turing complete with a stack of 0xdeadbeef

Writing by tag

Quickly switching between Xcodes

I try to have only one Xcode installed at a time for simplicity and tidiness. But such a setup is rare as we often must manage stable releases and beta versions simultaneously.

Continue…

Implementing Dark Mode and using CGColor

For an iOS project that I am currently working on, I am implementing Dark Mode. The codebase is approaching 7 years old, it is mostly Swift with some legacy Objective-C, and it currently supports iOS 11 and above. Aside from the tedium of ensuring the updated colors are being used throughout the codebase, I expected this task to be straight-forward. However, there were some unanticipated issues.

Continue…

Observing appearance changes on iOS and macOS

I recently needed to determine when the user has manually switched between dark mode and light mode on macOS. In my menu bar app, Lucifer, the icon reflects the current appearance setting when you change it from the app — an inverted pentagram for dark mode and an upright pentagram for light mode. But there’s a bug. If the user manually changes the appearance setting from System Preferences, or if they are using the new “auto” setting in macOS Catalina, the icon gets stuck in its previous state.

Continue…

Backing up your iCloud Drive files using rsync

Unfortunately, iCloud does not have a good reputation for being reliable, especially during beta releases of iOS and macOS. Yet a lot people still use it, often without any problems. I still use it, despite a few bad experiences in the past, because the best alternatives are questionable for other reasons. I’ve had good luck with iCloud Drive for the past few years, but I am terrified and paranoid of getting caught in the middle of an iCloud clusterfuck, so I backup what I have in iCloud periodically using rsync.

Continue…

Debugging a subtle Swift bug that will make you facepalm

The other day I was debugging a crash in a UI test for an open pull request at work. The bug turned out to be extremely subtle and difficult to notice. I spent way too much time staring at the changes, trying to understand what was wrong. Let’s see if you can spot the error.

Continue…

How to run sysdiagnose on iOS

And on all the Apple things

When you file a radar for a bug on one of Apple’s platforms, you should (usually) always attach a sysdiagnose. A sysdiagnose provides a lot of helpful information for the person who is trying to understand how the bug happened. Amongst other things, it contains logs from various parts of the OS, and all recent crash logs. Without it, the person on the other end of your report inside Apple may not be of much help. On macOS running sysdiagnose is somewhat common, but what about iOS?

Continue…

When your app is used in unexpected ways

PlanGrid as a digital archaeological tool

PlanGrid is a productivity app for construction fieldworkers. The easiest way to explain it to software developers is that it’s like an IDE, Git, and GitHub or JIRA — but for construction. Think of all the amazing software tools we have to do our jobs as programmers. The equivalent tools for construction simply did not exist before PlanGrid, and they still have a lot of room to grow.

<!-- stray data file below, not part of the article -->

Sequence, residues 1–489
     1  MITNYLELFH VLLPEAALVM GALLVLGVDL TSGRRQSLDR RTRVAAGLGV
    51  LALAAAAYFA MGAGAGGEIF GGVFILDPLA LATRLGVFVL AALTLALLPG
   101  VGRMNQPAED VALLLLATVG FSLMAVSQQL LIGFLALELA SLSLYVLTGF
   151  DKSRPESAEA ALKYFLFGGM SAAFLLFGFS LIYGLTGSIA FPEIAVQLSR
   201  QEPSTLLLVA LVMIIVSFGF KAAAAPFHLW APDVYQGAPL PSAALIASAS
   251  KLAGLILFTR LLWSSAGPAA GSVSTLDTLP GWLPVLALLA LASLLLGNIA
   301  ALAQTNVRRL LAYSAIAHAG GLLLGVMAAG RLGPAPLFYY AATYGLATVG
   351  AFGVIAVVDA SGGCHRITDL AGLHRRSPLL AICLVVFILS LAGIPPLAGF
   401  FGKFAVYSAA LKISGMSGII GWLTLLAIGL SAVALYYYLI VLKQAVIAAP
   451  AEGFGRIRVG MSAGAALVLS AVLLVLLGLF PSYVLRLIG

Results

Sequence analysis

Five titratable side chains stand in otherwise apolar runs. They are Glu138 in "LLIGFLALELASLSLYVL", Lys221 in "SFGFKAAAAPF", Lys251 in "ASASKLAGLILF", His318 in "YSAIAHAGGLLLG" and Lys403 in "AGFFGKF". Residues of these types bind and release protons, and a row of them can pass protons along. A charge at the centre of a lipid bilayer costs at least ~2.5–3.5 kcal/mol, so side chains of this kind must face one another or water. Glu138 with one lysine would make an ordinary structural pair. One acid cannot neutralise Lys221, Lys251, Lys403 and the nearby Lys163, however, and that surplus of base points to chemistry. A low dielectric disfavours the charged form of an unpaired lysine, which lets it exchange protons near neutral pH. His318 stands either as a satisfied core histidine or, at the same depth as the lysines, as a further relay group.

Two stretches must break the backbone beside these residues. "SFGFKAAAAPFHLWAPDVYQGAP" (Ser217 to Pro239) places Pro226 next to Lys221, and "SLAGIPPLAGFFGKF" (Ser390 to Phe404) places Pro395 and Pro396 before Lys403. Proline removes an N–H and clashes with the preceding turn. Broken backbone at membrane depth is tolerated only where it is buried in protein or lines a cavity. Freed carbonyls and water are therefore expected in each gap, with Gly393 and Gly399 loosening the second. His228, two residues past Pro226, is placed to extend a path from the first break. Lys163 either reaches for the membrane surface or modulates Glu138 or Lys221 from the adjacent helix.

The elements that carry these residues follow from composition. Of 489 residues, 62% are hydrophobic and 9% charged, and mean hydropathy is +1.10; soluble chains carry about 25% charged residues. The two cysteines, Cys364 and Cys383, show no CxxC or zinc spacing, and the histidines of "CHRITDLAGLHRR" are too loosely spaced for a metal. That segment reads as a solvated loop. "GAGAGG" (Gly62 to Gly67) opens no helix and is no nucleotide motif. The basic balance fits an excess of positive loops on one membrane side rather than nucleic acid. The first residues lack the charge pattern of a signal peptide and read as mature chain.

As software developers, we build software for specific purposes. We anticipate that people will use an app in certain ways. Yet, we often discover that users are behaving differently than we expected. They hack a custom, “unsupported” workflow to workaround an app’s unintended limitations. Once we realize this, we have the power to turn these user workarounds into first-class features. However, sometimes we find that our apps are being used in totally different, unimaginable ways.

At PlanGrid, we recently discovered that the app was being used as a digital archaeological tool.

Continue…

Measuring Swift compile times in Xcode 9

Using -Xfrontend Swift compiler flags

The Swift type-checker remains a performance bottleneck for compile times, though it has improved tremendously over the past two years. You could even say the type-checker has gone from being drunk to sober. To help users debug these issues, awhile back Jordan Rose added a frontend Swift compiler flag that would emit warnings in Xcode for functions that took too long to compile, or rather took too long to type-check. In Xcode 9, there’s a new, similar flag for checking expressions.

Continue…

Officially deprecating JSQMessagesViewController

No longer maintaining or supporting this project

Beginning immediately, JSQMessagesViewController is no longer officially supported or maintained. In fact, you may have noticed that it has been neglected for the past year. The most recent release was published almost exactly one year ago today. This is an incredibly difficult post for me to write and I have not made this decision carelessly. This open source project had a great run. There was (and still is) a great community around it, and I’m sorry for bringing this to an end.

Continue…

Refactoring singleton usage in Swift

Tips for a cleaner, modular, and testable codebase

In software development, singletons are widely discouraged and frowned upon — but with good reason. They are difficult or impossible to test, and they entangle your codebase when used implicitly in other classes, making code reuse difficult. Most of the time, a singleton amounts to nothing more than a disguise for global, mutable state. Everyone knows at least knows that is a terrible idea. However, singletons are occasionally an unavoidable and necessary evil. How can we incorporate them into our code in a clean, modular, and testable way?

Continue…

The A5 is dead (almost)

iOS 10 drops support for A5 devices

As developers, we’ve been lamenting the continued existence of the inferior A5 system-on-a-chip for the past couple of years. Both iOS 8 and iOS 9 continued to support iPhone 4S, iPad 2, and iPad Mini 1 — devices that struggled to run the OS itself. I had hoped that iOS 9 would finally drop support for these less powerful devices, but it didn’t. Today, we can finally say goodbye to the A5. Well, almost.